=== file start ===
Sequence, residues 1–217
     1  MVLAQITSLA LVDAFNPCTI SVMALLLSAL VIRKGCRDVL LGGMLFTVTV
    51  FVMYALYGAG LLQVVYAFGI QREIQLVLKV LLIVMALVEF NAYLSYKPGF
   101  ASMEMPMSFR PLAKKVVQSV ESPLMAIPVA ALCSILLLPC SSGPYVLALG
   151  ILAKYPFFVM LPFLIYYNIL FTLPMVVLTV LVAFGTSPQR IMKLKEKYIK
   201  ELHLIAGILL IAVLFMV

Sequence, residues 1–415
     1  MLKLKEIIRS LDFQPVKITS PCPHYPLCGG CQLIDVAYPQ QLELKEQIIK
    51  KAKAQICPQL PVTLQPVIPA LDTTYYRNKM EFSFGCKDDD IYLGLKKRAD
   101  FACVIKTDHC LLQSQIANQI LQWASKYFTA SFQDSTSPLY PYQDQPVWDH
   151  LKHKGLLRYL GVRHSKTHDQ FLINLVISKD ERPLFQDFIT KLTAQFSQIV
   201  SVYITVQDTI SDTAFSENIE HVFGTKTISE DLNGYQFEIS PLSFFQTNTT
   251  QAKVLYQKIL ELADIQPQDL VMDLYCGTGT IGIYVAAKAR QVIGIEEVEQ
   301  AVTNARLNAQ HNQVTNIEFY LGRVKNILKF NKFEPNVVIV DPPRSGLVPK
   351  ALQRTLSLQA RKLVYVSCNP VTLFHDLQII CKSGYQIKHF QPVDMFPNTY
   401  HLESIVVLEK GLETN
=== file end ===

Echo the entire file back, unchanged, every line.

Sequence, residues 1–217
     1  MVLAQITSLA LVDAFNPCTI SVMALLLSAL VIRKGCRDVL LGGMLFTVTV
    51  FVMYALYGAG LLQVVYAFGI QREIQLVLKV LLIVMALVEF NAYLSYKPGF
   101  ASMEMPMSFR PLAKKVVQSV ESPLMAIPVA ALCSILLLPC SSGPYVLALG
   151  ILAKYPFFVM LPFLIYYNIL FTLPMVVLTV LVAFGTSPQR IMKLKEKYIK
   201  ELHLIAGILL IAVLFMV

Sequence, residues 1–415
     1  MLKLKEIIRS LDFQPVKITS PCPHYPLCGG CQLIDVAYPQ QLELKEQIIK
    51  KAKAQICPQL PVTLQPVIPA LDTTYYRNKM EFSFGCKDDD IYLGLKKRAD
   101  FACVIKTDHC LLQSQIANQI LQWASKYFTA SFQDSTSPLY PYQDQPVWDH
   151  LKHKGLLRYL GVRHSKTHDQ FLINLVISKD ERPLFQDFIT KLTAQFSQIV
   201  SVYITVQDTI SDTAFSENIE HVFGTKTISE DLNGYQFEIS PLSFFQTNTT
   251  QAKVLYQKIL ELADIQPQDL VMDLYCGTGT IGIYVAAKAR QVIGIEEVEQ
   301  AVTNARLNAQ HNQVTNIEFY LGRVKNILKF NKFEPNVVIV DPPRSGLVPK
   351  ALQRTLSLQA RKLVYVSCNP VTLFHDLQII CKSGYQIKHF QPVDMFPNTY
   401  HLESIVVLEK GLETN